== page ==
The retention rate refers to how long people watch your video before dropping off — read: leaving the page. Obviously, the higher the retention rate, the better, although you definitely shouldn’t expect to keep 100% of your viewers for the entirety of the video. That’s just not how it works.
Now, what do we consider a good retention rate? Honestly, if you research this number, you’re going to find averages that are all over the map. Some people say to aim for 50% or higher. On the other hand, YouTube expert Sunny Lenarduzzi says that 10% is stellar.
So, we can assume that there doesn’t seem to be a general consensus. Instead, aim to simply improve your retention rate over time. You should also aim to keep the retention rate as study as possible for each video.
For instance, do you notice that people drop off within the first several seconds? This could mean a number of things:
- Your introduction is too long.
- You’re not starting with a compelling hook.
- Your title was misleading and the video doesn’t truly answer that query (or it doesn’t answer it fast enough).
These are three things you could address to improve your retention rate.
One little trick is to give people “teasers” so that they stick around until the end. For instance, in the beginning and toward the middle of the video, you might say something like, “We’re going to talk about X in just a minute, so stay with us,” or, “By the end of this video, you’re going to know X.” This promises people that if they stay with you until the end, they’ll gain something as a result.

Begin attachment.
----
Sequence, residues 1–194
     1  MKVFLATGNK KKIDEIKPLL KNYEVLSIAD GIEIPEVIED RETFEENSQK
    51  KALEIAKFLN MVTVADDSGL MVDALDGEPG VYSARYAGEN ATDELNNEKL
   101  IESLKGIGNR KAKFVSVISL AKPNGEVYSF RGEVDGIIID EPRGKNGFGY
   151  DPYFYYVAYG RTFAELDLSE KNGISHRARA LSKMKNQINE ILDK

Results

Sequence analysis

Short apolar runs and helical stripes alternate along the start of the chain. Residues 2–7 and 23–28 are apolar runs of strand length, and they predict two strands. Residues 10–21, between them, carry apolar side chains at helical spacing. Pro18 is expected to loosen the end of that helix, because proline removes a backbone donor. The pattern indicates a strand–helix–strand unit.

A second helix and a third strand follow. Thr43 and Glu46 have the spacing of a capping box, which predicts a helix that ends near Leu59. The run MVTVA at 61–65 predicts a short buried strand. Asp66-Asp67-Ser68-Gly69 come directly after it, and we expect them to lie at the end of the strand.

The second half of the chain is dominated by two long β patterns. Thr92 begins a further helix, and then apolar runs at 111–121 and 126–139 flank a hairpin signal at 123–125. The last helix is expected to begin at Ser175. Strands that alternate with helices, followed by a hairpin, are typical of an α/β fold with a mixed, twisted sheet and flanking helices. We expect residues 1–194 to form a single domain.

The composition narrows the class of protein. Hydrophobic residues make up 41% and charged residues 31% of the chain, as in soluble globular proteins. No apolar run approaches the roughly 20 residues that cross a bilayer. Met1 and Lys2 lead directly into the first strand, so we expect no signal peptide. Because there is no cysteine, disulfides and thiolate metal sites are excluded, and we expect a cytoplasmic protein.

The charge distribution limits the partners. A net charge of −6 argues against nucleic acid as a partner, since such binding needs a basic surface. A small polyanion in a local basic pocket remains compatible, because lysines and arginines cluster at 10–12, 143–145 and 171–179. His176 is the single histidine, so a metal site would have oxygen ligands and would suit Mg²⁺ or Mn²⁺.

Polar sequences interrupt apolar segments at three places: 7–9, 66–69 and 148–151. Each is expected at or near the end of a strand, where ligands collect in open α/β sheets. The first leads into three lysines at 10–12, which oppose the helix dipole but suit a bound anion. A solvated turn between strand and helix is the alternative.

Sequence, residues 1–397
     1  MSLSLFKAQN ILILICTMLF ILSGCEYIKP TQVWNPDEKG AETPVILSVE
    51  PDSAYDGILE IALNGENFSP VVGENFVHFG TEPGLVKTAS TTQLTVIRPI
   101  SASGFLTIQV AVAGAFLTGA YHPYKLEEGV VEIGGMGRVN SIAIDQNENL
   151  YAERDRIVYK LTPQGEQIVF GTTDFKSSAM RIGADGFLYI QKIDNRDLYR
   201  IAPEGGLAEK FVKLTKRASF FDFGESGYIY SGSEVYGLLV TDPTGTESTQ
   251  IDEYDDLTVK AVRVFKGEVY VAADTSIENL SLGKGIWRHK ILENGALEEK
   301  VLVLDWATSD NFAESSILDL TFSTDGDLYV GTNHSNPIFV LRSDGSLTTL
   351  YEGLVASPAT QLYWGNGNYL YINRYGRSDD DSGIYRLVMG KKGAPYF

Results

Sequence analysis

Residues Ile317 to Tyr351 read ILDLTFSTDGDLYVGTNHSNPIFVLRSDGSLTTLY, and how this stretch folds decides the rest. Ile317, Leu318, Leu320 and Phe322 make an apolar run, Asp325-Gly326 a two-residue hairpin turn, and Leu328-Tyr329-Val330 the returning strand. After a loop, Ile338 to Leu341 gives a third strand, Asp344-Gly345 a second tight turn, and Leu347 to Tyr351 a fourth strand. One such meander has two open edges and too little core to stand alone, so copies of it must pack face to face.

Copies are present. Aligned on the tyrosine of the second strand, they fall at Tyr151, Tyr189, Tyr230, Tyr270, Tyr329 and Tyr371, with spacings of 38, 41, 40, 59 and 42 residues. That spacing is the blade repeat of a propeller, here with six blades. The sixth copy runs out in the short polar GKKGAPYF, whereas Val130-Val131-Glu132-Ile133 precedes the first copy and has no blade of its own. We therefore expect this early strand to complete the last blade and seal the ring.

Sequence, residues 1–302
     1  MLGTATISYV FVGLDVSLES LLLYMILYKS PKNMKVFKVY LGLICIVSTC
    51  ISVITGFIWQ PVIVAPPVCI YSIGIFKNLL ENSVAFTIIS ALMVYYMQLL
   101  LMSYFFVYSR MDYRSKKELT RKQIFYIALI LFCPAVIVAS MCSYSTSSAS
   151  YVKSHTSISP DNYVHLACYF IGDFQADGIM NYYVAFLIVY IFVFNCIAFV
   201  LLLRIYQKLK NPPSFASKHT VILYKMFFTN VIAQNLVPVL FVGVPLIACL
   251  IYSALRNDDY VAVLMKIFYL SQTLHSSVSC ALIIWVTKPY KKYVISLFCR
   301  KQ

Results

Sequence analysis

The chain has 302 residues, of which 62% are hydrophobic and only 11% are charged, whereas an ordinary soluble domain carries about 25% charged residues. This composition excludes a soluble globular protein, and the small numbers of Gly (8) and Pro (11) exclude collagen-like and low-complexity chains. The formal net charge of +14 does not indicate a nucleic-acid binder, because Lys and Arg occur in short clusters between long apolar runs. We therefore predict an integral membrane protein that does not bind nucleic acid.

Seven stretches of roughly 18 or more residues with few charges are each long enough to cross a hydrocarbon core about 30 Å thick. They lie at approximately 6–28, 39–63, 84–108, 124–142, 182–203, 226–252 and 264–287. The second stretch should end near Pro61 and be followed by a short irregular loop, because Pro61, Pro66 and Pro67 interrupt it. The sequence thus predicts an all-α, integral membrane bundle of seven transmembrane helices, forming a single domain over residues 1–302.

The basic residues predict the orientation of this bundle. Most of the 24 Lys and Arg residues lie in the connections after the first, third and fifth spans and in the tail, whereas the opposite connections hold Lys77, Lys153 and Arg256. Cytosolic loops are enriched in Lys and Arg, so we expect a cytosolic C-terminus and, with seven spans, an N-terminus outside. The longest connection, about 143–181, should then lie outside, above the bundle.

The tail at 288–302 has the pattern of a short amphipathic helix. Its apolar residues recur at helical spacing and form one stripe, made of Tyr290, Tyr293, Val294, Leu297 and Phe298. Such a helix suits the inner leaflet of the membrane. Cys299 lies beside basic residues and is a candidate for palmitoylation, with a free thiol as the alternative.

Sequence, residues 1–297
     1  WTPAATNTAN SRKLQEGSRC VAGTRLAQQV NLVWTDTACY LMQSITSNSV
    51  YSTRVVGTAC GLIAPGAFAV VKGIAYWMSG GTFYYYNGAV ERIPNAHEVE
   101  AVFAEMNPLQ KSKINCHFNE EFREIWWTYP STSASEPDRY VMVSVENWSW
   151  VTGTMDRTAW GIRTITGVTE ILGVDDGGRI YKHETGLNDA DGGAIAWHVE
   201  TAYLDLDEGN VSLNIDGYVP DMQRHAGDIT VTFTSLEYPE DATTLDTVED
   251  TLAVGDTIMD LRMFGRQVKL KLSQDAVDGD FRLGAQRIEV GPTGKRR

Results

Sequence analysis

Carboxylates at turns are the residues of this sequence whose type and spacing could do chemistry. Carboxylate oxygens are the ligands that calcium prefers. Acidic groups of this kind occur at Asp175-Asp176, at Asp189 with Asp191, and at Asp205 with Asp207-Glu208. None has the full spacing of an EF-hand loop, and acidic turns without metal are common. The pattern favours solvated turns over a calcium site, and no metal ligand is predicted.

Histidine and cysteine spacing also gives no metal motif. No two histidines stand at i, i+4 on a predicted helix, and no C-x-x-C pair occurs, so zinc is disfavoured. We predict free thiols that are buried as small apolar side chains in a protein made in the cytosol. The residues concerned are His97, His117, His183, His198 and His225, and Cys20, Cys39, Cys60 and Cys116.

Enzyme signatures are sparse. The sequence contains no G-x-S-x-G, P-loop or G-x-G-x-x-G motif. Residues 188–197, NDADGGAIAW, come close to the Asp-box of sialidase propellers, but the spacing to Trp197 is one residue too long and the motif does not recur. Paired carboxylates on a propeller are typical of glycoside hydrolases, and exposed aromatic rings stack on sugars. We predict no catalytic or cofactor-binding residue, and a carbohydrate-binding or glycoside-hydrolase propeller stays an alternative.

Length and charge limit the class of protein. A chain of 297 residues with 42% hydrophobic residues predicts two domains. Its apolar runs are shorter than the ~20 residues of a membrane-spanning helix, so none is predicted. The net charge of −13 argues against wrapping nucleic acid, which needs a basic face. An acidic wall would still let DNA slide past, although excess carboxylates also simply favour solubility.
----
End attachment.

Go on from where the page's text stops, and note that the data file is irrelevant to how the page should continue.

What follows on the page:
3. New Subscribers That an Individual Video Brought
YouTube analytics are so incredibly powerful. They’ll even tell you how many people subscribed to your channel after watching each video.
This can be an excellent indication of which videos really resonate with your viewers, which then helps you determine topics for your future content.
Bear in mind that if YouTube search is your biggest traffic source (more on this in just a minute) but your videos aren’t bringing in too many new followers, something might be off. You’re showing up in results, but people ultimately aren’t engaged with you enough to hit the Subscribe button.
4. Watch Time
Your watch time is, perhaps unsurprisingly, how many hours of viewing your channel has collected. We care so much about this because watch time is one of the biggest factors that YouTube looks into when it’s deciding how well (or how poorly) to rank you. The reason for this is simple: If you have a killer watch time, it tells the platform that people love your content. Therefore, it’s going to rank you higher so even more people will find you and spend time on YouTube.